Meetings are held as need arises or at regular intervals Meetings are held daily, usually during the start of the day
Relies on final deliverables Relies on sprint goals
Roles and responsibilities of team members are fixed Roles and responsibilities of team members are not fixed
Kanban boards can be leveraged by multiple teams and users One sprint backlog is owned by a single team
Does not include estimation Runs on estimation
Since roles and responsibilties are fixed, the absence of a team member may significantly affect the ongoing workflow of project tasks and activities Since roles and responsibilties are flexible, the absence of a team member will not affect the sprint tasks and activities

Read More: 18 Best Kanban Board Software for 2022

Kanban Vs Scrum: Who Is The Winner?

By now, you must have understood what is Kanban, and Scrum and when to use Kanban and when to use Scrum, right?

  • Scrum and Kanban are two different project management approaches that are frequently used in agile project management. Some teams stick with Scrum, while others believe that Kanban works better for their needs. Both these methodologies have their advantages and drawbacks. 
  • The ideal way to implement these two approaches is to have robust project management software, such as ProProfs Project. From defining clear goals and objectives to generating insightful reports, the software also helps in achieving maximum team transparency.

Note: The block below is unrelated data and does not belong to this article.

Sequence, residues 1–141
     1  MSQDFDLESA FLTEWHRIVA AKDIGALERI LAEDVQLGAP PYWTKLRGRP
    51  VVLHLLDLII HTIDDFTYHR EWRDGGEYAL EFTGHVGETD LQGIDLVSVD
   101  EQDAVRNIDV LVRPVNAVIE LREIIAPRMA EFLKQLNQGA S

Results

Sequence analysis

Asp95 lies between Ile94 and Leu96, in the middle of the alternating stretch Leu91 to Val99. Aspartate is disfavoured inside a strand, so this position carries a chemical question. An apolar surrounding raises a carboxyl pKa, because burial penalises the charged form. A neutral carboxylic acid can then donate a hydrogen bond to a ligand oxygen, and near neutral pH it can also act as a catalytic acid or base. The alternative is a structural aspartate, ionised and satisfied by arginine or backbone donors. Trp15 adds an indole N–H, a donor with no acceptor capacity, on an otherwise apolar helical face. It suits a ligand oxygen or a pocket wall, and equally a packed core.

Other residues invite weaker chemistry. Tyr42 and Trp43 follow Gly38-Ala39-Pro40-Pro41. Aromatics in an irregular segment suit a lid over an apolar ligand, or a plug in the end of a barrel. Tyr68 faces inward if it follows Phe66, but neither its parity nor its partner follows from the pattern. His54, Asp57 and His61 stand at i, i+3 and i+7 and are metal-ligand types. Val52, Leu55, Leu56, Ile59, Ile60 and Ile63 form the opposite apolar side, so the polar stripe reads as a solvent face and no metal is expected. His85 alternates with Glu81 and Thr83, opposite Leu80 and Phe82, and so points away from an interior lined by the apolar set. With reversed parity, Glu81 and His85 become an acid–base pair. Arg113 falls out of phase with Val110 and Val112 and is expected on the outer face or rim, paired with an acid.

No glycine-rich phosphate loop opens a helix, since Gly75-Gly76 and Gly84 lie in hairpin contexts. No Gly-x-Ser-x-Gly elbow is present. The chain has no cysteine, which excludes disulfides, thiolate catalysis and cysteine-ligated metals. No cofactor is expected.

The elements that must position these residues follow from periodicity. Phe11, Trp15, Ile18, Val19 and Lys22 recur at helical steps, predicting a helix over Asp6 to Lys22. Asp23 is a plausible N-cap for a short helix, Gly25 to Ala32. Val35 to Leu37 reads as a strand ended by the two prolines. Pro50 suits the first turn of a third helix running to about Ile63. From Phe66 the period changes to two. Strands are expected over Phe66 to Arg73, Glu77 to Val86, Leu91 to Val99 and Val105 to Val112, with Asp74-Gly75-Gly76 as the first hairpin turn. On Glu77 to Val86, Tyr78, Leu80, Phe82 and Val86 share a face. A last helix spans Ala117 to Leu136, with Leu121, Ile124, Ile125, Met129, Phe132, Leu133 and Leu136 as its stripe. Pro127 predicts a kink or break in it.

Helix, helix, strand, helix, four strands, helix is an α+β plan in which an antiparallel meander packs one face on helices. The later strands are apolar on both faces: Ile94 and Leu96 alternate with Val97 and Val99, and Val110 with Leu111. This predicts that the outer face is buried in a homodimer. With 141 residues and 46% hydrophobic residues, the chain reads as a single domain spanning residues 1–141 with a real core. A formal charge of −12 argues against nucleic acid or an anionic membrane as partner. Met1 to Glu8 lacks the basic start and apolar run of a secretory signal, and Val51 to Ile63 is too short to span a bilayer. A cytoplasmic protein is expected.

• We understand that in some situations, it’s very hard to figure out which agile approach works best for a given project. It might look like scrum has everything you need to organize the work of your team effectively, but there’s just one feature from Kanban you’re missing to reach pure perfection. In this case, why restrict yourself when you see that the limitations of just working scrum or Kanban interfere with the efficiency of your team’s work?

Thus, the term ‘Scrumban’ has been created to alleviate this problem. Scrumban allows adapting the two approaches for the benefit of a project and its team. Well, it’s not surprising, considering that 8% of teams use ScrumBan. Also, since both Kanban and Scrum are agile, they are quite flexible and can be adapted together.

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About the author

David is a Project Management expert. He has been published in elearningindustry.com, simpleprogrammer.com. As a project planning and execution expert at ProProfs, he has offered a unique outlook on improving workflows and team efficiency. Connect with David for more engaging conversations on Twitter, LinkedIn, and Facebook.